Fires In The Mirror Summary and Study Guide

Anna Deavere Smith

Fires In The Mirror

  • 57-page comprehensive study guide
  • Features 7 chapter summaries and 5 sections of expert analysis
  • Written by a professional writer with an MFA in Creative Writing
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Fires In The Mirror Summary and Study Guide

SuperSummary, a modern alternative to SparkNotes and CliffsNotes, offers high-quality study guides for challenging works of literature. This 57-page guide for “Fires In The Mirror” by Anna Deavere Smith includes detailed chapter summaries and analysis covering 7 chapters, as well as several more in-depth sections of expert-written literary analysis. Featured content includes commentary on major characters, 25 important quotes, essay topics, and key themes like Race and Identity.

Plot Summary

Fires in the Mirror is a play written and performed by Anna Deavere Smith that concerns the Crown Heights Riots in Crown Heights, Brooklyn, in August of 1991. This play is one of the first in a genre known as verbatim theatre, as the speech in the play was taken, verbatim, from interviews concerning a specific incident or subject. In this case, the incident(s) in question is/are the history concerning the Crown Heights Riots, and the play’s verse is a series of monologues transcribed from interviews that Smith conducted shortly after the riots. The play blends nonfiction and screenwriting, as it is comprised of verse-monologues from entirely real figures. Part of Smith’s larger project, known as On the Road: A Search for the American Character, this play interrogates the racial tensions between the Jewish and black communities within the Brooklyn area known as Crown Heights.

This play deeply involves its historical context, as it would have not occurred without the August 1991 Crown Heights incidents. In August 1991, part of a Jewish motorcade ran up and onto a sidewalk, killing a young black boy. A few hours later, a group of young black men accosted an unaffiliated Jewish man, who ended up getting stabbed and dying a few hours later. Crown Heights erupted in rioting, with violence being perpetrated on both sides, although the police arrested predominantly black young men. Neither side felt like they received justice, as the murderer of the young black boy fled to Israel and the murderer of the Jewish man was never sent to jail. It is important to note that the tensions between the Jewish community—which in Crown Heights is comprised of Hasidic Lubavitchers—and the black community, many of whom were Afro-Caribbean immigrants, had been long-brewing, as many members of the black community believed that the Lubavitchers received preferential treatment from the government and police.

It is also important to note that this play—and the Crown Heights incidents—take place within a larger socio-historical context of racial tensions in America. The interviews were taken soon after the tragedy, which occurred between the beating of Rodney King by police officers in March 1991 and the 1992 LA Riots, which resulted from the police officers’ acquittal. The play was written in 1992 and premiered in New York City while the LA Riots were taking place in protest of the LAPD’s discriminatory and often-violent practices.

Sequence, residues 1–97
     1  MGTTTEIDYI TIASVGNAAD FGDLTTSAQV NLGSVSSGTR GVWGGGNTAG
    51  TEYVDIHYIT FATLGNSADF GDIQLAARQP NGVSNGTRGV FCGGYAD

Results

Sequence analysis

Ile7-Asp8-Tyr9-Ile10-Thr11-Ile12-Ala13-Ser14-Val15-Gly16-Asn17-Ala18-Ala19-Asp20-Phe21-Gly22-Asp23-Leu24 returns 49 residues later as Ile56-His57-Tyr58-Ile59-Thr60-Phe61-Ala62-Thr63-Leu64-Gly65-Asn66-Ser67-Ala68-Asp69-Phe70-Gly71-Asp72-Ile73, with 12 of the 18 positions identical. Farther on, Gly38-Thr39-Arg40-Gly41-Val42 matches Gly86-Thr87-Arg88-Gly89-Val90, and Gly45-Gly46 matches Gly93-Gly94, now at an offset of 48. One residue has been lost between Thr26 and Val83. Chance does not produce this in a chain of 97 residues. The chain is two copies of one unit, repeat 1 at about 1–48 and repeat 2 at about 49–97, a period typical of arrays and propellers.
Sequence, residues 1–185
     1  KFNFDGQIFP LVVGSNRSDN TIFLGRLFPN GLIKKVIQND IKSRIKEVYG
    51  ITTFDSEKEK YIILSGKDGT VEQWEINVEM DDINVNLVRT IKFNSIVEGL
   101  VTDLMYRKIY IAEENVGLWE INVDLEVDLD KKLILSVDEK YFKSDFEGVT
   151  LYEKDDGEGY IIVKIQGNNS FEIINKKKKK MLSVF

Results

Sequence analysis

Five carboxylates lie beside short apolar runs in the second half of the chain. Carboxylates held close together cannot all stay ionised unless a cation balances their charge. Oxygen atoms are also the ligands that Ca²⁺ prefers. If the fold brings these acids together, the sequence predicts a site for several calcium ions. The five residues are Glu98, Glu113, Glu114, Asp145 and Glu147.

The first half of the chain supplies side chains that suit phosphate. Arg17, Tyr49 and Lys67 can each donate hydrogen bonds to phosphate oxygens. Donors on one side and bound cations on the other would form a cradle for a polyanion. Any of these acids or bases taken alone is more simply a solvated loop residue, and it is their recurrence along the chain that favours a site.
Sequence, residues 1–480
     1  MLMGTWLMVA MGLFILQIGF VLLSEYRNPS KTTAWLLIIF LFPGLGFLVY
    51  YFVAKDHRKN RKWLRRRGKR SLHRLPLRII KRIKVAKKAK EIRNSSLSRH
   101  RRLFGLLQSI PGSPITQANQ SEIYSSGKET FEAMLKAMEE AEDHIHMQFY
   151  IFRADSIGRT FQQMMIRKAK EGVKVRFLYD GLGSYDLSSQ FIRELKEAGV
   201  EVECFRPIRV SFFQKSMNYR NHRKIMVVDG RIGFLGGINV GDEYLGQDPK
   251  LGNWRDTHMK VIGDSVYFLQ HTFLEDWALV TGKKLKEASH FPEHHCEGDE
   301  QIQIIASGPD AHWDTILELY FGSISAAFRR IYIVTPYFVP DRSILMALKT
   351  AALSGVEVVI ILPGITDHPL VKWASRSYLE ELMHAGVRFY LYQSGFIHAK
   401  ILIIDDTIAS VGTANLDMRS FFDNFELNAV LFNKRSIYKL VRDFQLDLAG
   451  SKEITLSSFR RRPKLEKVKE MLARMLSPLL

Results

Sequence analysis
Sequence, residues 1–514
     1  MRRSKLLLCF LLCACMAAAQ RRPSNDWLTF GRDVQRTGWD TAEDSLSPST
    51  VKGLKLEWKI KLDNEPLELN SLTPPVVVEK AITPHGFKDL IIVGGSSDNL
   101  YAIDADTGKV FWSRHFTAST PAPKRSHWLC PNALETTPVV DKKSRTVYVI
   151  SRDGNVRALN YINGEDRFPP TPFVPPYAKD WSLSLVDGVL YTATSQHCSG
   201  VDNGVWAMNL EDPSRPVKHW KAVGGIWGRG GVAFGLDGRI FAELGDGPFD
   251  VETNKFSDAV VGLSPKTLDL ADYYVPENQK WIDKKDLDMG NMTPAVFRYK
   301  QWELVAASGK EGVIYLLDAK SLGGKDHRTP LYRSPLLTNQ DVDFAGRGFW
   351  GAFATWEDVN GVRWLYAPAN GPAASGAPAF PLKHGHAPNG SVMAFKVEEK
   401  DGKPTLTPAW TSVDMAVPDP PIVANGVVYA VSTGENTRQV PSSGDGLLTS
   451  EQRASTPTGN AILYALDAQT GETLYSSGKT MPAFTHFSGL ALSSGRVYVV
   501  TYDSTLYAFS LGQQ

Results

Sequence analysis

The people Smith interviewed for the play are a mix of political celebrities, religious leaders, intellectuals, and laypeople, although she designed her play to be performed by a single person—herself. The play consists of 29 monologues from 26 different people who search for meaning—especially concerning identity—in the midst of social unrest. Political celebrity Reverend Al Sharpton, author and social activist Letty Cottin Pogrebin, and Norman Rosenbaum—the brother of the slain Jewish man—are the only three characters with two different scenes. Within the play itself, Smith impersonates each of the characters, creating unity among the many voices of these hybrid interview-scenes.

The play is divided into seven thematic sections/acts. The first section, “Identity,” interrogates how personal identity is different from communal identity, and also queries the conflation between the two. The second section, “Mirrors,” discusses how mirrors distort things, both in terms of science and in terms of literature. The third section, “Hair,”discusses the conflation of race and appearance by interrogating the customs of black and Jewish communities regarding their hair. In the fourth section, “Race,” Angela Davis speaks to the history of American segregation between blacks and whites, addressing the need for unity. In “Rhythm,” the fifth section, LA rapper Matthews defines rap and the difficulties associated with being a female rapper, discussing how it is necessary for women to overcome objectification. In the sixth section, “Seven Verses,” the points of view oscillate between discussions of American oppression faced by the black community and historical oppression faced by the Jewish community, concluding with a monologue about the problematic nature of words like “bias” and “discrimination,”which fail to understand the trauma of oppression. The final section, “Crown Heights, Brooklyn, August 1991,”explains the events surrounding the unrest. This section shows viewpoints of both sides, in which each side blames the other, demonstrating the relativity of the truth.

At its core, the play seeks to examine art as a reflection of society; Smith believes that art exists as a kind of social mirror, though she acknowledges that mirrors can distort. However, she believes that through this reflection, the tension and civil unrest—or the fire—of an event can be interrogated. Thus, her art is labeled as a reflection of this tension.

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